According to Ashwin Vasavada, JPL's Mars Science Laboratory deputy project scientist, the slight haze seen in panorama shots from Curiosity is atmospheric dust usually present during the Martian summer.
You're right, NASA has done this with other rovers and emphasized that this software update was planned a long time ago. Curiosity will be the most autonomous rover ever landed on Mars, and that requires plenty of reprogramming.
BTW, NASA said it expects the first drive on Gale Crater to occur as early as next week.
It won't crash as Curiosity has redundant computers. Even if the update fails, it will have its recovery mechanism. But really I can't imagining upgrading a firmware from Earth to Mars! Truely amazing!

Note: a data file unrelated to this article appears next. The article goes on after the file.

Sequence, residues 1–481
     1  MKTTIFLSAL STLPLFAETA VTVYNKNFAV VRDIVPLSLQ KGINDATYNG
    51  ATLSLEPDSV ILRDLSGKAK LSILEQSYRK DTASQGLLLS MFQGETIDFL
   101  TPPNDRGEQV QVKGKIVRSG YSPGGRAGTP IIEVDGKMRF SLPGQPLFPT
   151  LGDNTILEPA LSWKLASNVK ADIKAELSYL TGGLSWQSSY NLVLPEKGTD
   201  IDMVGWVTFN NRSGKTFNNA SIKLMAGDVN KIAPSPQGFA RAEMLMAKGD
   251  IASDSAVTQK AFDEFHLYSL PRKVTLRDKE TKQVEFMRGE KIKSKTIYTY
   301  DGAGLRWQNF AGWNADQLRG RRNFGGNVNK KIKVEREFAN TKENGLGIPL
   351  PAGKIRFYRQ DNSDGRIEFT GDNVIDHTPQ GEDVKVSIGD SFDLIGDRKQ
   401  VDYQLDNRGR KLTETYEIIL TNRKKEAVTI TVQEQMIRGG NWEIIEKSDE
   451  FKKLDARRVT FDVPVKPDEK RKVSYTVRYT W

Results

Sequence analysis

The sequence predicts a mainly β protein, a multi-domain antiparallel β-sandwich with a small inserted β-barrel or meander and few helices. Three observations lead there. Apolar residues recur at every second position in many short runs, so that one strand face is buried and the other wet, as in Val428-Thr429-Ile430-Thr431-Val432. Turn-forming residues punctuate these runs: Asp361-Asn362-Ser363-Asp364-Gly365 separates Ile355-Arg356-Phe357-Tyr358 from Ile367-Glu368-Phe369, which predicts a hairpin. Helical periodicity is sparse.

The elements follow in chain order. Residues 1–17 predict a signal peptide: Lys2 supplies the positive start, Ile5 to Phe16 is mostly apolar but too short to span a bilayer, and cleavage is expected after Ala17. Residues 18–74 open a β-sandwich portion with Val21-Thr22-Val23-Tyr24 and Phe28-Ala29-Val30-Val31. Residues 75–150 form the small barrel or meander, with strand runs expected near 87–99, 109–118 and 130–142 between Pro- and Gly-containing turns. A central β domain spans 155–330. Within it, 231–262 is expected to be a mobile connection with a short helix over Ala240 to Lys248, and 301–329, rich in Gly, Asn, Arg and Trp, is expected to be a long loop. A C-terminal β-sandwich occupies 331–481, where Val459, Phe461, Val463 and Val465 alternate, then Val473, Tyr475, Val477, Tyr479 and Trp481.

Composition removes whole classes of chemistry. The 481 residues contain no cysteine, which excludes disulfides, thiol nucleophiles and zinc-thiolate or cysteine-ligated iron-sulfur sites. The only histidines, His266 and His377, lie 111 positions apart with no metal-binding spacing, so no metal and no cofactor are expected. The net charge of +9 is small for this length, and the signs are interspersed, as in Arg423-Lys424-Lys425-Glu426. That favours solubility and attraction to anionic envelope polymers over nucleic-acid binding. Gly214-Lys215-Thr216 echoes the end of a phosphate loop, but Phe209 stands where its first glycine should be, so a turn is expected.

The picture is nice. What time of the day on Mars this was taken? Looks dawn to me :)
NASA's Orion Flight Software Production Systems Manager Darrel G. Raines joins Planet Analog Editor Steve Taranovich and Embedded.com Editor Max Maxfield to talk about embedded flight software used in Orion Spacecraft, part of NASA's Mars mission. Live radio show and live chat. Get your questions ready.
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